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New Pictures, Old House
by Allan Appel | Aug 6, 2013 12:57 pm
Posted to: Arts & Culture, Visual Arts, Morris Cove
Karen Josephson, who had always painted indoors and often from photographs, had to answer new questions when she moved outside: What do you do when the sky gradually changes from grey to blue? Or a green shadow appears on the facade you’re painting? Or the boys you’re painting as they frolick in the surf at Lighthouse Point decide to up and leave?
Josephson’s response to the challenges of painting en plein air, or outside in natural light, were on display Sunday afternoon in Morris Cove. Students in a painting group sponsored by the New Haven Museum and the Creative Arts Workshop showed their oils and watercolors at the Pardee-Morris House on Lighthouse Point Road.
It is the first time in decades that the New Haven Museum, which operates the historic house, had organized such a class, with the Pardee-Morris House as the subject and locale for the artists’ efforts.
Local painter Steve DiGiovanni, who heads the drawing and painting department at CAW, shepherded eight students, all adults ranging from beginners to more accomplished painters, to Lighthouse Point for two three-hour Saturdays and four such sessions working in the shade on the northwest side of the house.
Long-time Morris Cover Josephson said she had not painted for several years when she signed up. To do so outdoors would be a new adventure.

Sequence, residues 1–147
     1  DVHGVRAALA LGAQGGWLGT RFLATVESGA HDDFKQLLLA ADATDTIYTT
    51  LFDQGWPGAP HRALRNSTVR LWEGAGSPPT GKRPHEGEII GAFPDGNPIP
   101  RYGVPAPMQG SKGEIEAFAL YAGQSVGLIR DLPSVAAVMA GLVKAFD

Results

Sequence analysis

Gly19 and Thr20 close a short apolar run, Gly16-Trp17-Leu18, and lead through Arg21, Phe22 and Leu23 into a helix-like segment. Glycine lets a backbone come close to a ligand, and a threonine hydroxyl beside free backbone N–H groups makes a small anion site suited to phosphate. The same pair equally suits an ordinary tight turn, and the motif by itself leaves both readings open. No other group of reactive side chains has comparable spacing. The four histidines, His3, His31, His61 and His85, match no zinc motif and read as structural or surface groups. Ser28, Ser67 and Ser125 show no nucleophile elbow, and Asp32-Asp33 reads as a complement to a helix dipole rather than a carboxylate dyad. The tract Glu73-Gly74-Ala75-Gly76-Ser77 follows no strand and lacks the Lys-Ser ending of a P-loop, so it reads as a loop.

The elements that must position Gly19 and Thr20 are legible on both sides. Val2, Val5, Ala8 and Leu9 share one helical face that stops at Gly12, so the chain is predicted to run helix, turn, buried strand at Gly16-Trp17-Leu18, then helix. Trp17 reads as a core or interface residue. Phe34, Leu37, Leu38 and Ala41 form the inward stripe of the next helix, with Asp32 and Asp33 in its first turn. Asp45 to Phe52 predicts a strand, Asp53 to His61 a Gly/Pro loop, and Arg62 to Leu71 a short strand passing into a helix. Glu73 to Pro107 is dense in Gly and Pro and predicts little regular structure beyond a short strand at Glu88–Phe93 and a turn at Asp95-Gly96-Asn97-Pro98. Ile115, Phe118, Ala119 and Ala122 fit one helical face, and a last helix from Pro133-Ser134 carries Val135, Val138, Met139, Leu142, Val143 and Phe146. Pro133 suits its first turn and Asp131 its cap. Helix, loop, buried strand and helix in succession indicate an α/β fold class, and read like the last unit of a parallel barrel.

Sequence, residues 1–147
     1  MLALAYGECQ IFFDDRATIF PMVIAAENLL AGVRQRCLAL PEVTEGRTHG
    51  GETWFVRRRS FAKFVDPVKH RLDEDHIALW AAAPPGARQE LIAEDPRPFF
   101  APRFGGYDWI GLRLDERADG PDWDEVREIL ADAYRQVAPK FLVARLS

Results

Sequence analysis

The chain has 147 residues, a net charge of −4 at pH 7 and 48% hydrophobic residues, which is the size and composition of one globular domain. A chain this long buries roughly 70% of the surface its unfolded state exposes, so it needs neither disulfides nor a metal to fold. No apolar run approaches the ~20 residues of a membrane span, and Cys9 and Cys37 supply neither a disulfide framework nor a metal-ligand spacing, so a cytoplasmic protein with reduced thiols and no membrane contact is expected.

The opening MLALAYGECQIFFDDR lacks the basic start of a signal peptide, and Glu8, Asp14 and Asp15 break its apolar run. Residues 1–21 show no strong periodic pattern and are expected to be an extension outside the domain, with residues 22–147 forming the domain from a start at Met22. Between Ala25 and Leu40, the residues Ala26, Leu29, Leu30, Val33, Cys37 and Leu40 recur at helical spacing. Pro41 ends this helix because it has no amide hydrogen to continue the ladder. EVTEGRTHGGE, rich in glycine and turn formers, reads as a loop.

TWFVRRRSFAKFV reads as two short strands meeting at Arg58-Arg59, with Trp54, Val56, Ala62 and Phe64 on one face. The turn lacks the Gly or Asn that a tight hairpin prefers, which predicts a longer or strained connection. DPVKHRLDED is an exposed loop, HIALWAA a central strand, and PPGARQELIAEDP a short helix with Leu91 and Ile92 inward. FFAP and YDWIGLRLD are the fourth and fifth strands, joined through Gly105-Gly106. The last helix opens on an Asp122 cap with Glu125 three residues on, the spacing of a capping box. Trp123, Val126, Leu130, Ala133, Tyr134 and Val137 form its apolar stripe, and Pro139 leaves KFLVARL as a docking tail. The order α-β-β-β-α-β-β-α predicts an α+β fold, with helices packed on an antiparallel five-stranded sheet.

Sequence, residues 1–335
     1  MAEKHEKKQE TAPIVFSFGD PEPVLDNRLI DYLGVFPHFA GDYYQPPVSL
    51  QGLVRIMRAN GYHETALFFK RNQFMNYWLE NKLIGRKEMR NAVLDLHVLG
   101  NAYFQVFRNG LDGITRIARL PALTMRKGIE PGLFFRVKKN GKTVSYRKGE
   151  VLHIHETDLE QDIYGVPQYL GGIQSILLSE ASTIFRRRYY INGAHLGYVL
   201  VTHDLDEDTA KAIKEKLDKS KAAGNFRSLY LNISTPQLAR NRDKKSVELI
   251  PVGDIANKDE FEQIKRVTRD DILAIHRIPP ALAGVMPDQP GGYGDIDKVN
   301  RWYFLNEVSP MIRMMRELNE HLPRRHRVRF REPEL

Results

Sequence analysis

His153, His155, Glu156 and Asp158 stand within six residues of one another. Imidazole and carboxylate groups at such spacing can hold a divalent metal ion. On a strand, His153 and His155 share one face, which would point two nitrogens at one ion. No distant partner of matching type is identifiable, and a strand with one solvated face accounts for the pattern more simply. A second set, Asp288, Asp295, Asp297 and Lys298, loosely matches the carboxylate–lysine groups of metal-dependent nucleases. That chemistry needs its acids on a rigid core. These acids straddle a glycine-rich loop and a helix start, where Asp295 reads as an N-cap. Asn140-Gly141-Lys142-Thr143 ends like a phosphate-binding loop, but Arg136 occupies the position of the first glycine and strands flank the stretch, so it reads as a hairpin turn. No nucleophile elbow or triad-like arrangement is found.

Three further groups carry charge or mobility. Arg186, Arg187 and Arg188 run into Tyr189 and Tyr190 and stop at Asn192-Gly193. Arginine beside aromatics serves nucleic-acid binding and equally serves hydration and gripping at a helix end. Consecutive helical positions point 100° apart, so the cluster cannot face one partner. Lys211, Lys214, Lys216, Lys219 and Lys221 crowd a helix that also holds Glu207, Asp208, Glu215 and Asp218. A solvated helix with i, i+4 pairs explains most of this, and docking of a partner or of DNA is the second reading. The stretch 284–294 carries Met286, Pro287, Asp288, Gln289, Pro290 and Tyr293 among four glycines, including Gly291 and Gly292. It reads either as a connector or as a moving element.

How much, she was about to find out.
“Steve’s always saying, ‘There’s some yellow [in the sky], there’s some green on the building,’” she recalled of the sessions.
The students were encouraged to paint either the house or views looking out at the harbor from the pavilions at Lighthouse Point.
Josephson said she dealt with painting the fleeting, frolicking boys and a seagull that alighted long enough for her to begin to paint but then was gone with, well, good humor. “I have a tendency to make things up,” she said.
She is proudest of her watercolor of the small stone and wood carriage house at the side of the Pardee-Morris main house.
No seagulls here, and also the foliage and foundation don’t change, she said.
As she stood in front of the beach and breakwater scene she is proudest of, another student, Carol Courtney, recalled another challenge: light. “We started doing this at nine and it was overcast. At 11 a.m. it was sunny.”
Her solution: “You learn to capture what’s in your memory.”
By the time the weather had changed, she was so into that memory, it was a kind of visual foundation, “very overcast, the serenity.” It’s what she prized most capturing in the work that are on display in the spartan kitchen of the colonial house
Courtney, who took up brushes for the first time in a course with Giovanni two years ago at the University of Hartford, also attempted to paint the Pardee-Morris House itself. She found it was a different challenge, beyond the changing external conditions.
“I was learning to work the angles [of the many roofs as they come together]. This was so complex. It was a puzzle. That’s what I like about painting,” she added.
The works will be on view Sunday, Aug. 11 at the house, the only day of the week the historic structure is open to the public. After that, the paintings may be transferred to the New Haven Museum downtown, although details have not been worked out.
On Aug. 18, another group of area artists, invited by the museum, will debut “Show” at the house.
New Haven Museum’s Education Director Michele Cheng said “Show” will consist of more images or takes on the house, but this time by professional artists invited by the museum. Their work will range from photography to sculpture to mixed media and will offer yet other new views or interpretations of the Pardee-Morris House.
After overcoming a history of recent neglect and mismanagement that caused strife between the museum and Morris Covers, the house in recent seasons is becoming not only the scene of active programming these days but is also now receiving the artistic adulation it deserves.
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